The Funniest Article You’ve Ever Read About Bon Jovi And The Everything Bubble

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from John Wilder at Wilder Wealthy Wise.

“Yeah, it was like, even though Bubbles was Bubbles, he was two people at the same time as bein’ Bubbles. He was trying to be this other person that wasn’t Bubbles, but he was still Bubbles.” – Trailer Park Boys

What was Schrödinger’s favorite Bon Jovi song?  Wanted Dead or Alive.

Euphoria.  The name even sounds good.  It comes from the Greek “Eu” meaning “quite slippery and frictionless” and the Greek “phoros” which means “wet”.  A direct translation is “Slippery When Wet,” as noted by the great Italian philosopher, Giovanni Bongiovi.

If you’ve ever been to a college party you’ve seen the application of euphoria over common sense, especially in the hours between 11 P.M. and 1 A.M.  It’s at that time that the liquor has hit several partygoers like a Canadian baboon on a yak crotch.  They have ambition.  They have a limitless lack of common sense.

There is no tomorrow!  Party on!

And euphoria has had several pleasant outcomes:  more than one happy accident of a child has turned up nine months after the euphoria ended.  Let’s face it – if every child was planned, there’d be six or so people living in the United States.

Justin Trudeau’s parents decided they don’t want kids anymore.  Who is going to tell Justin?

Euphoria has even allowed people to exceed what they themselves ever thought possible.  When throwing common sense to the wind, sometimes the outer limits of human performance are defined – we find out what it is that we can really do.

More often than not?  We end up flat on our faces.  That can be its own victory, but it’s often part of a longer story.

The real interesting part is when euphoria meets money.  That’s when we get stupid, and we start convincing ourselves of crazy things.

The biggest crazy thing of my life was the Dotcom Bubble.  That was amazing.  Companies were formed in days and then ended up being “worth” ten million dollars a week later, without ever producing a product.  Heck, it wasn’t just producing a product – they didn’t even know what product they were going to produce.

Spanish coders like to use Si++.

Several of my friends were caught up in the front end of one Dotcom venture.  They were flown to a kickoff party.  The band at the kickoff party?  Hall and Oates®.  Sure, Hall and Oates™ were 20 years past their prime, but, still, the kickoff was for the idea of installing some fiber optic cables.

It wasn’t even that large of a project.  I’m not sure if they ever built any fiber optics.  But when I asked if I could be at the party my boss said, “I can’t go for that.”  (Sorry jokes aside, they really did hire Hall and Oates© for the party.)

How much oat could Hall and Oates haul if Hall and Oates hauled oats?

Another friend sold his website for a total of $50,000,000.  The website was making a profit – about $1,000 a month.  Of course, the kicker was that he sold his website for $50,000,000 in Alta-Vista® stock that he couldn’t sell for a year.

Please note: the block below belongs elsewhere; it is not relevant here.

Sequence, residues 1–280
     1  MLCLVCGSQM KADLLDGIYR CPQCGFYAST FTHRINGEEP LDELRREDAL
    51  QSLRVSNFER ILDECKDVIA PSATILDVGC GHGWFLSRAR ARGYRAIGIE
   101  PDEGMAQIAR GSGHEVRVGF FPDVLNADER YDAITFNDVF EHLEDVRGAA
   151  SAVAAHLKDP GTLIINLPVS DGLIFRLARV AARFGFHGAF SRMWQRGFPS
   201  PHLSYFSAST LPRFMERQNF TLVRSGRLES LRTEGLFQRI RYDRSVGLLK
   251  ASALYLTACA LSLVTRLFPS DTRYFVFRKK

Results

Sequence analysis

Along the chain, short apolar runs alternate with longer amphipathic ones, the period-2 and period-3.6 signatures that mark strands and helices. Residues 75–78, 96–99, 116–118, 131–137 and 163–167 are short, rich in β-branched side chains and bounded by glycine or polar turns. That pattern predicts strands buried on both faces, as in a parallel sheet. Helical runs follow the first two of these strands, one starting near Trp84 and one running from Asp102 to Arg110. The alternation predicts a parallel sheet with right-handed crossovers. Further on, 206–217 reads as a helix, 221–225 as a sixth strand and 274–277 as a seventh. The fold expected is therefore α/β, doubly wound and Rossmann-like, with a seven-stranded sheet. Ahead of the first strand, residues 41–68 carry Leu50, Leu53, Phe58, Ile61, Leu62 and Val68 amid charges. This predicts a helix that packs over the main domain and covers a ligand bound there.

Oops.

Don’t cry for him – he didn’t have enough money to retire, but he had enough that he took three years off to hike and relax.

Euphoria makes people do crazy things.

The second crazy thing that happened in my life was the Housing Bubble.  When I was looking for one loan, I was told that I qualified to borrow ten times my annual income.

“Why would you offer me that kind of money?  I could never pay it back.”

The Loan Officer responded, “Yeah, I know, but you qualify for it.  So the computer tells me I have to offer it to you.”

We all know how well that ended.

Thankfully they allowed me to finish the “Alan Parsons Project” I was working on.

Through this, Citigroup® has maintained a panic/euphoria model.  The idea is that there is a way to measure what investors think about the market.  Are they panicked?  Or are they as giddy as drunken freshmen at their first college kegger.

If investors are skittish, the idea is that stocks are a bargain.  People are afraid of stocks and would be happy to sell them to you.  It’s the idea of buying when blood is in the street.

But if investors are euphoric, then the prices for things are too high.  How high?  Double-digit high.

Looks like party central!

Right now, Citigroup’s® panic/euphoria model is flashing “Slippery When Wet and Three Tequila Shooters.”  It’s higher than the Dotcom® Bubble.  It’s much higher than the excesses of the Housing Bubble.

It’s the Everything Bubble.  And investors are still three sheets to the wind, knee-walking, too-loud singing, drunk.

This makes sense, too.  Presidents love to pop the bubble in the first year of their first term.  It’s not like people will remember the pain three years from now, if they’re able to manage growth and restart the economy.  Besides, you can blame the pain on the last guy.

I guess he swallowed a few on that “steel horse” he rides.

There is ample incentive for Biden to crater the market.  There is ample incentive for him to crater employment, too.  In both of those things, he can restart the clock and claim growth from worst that 2021 or 2022 brings to us.

If we’re lucky, all we get is a hangover.  I don’t think anyone wants this baby.

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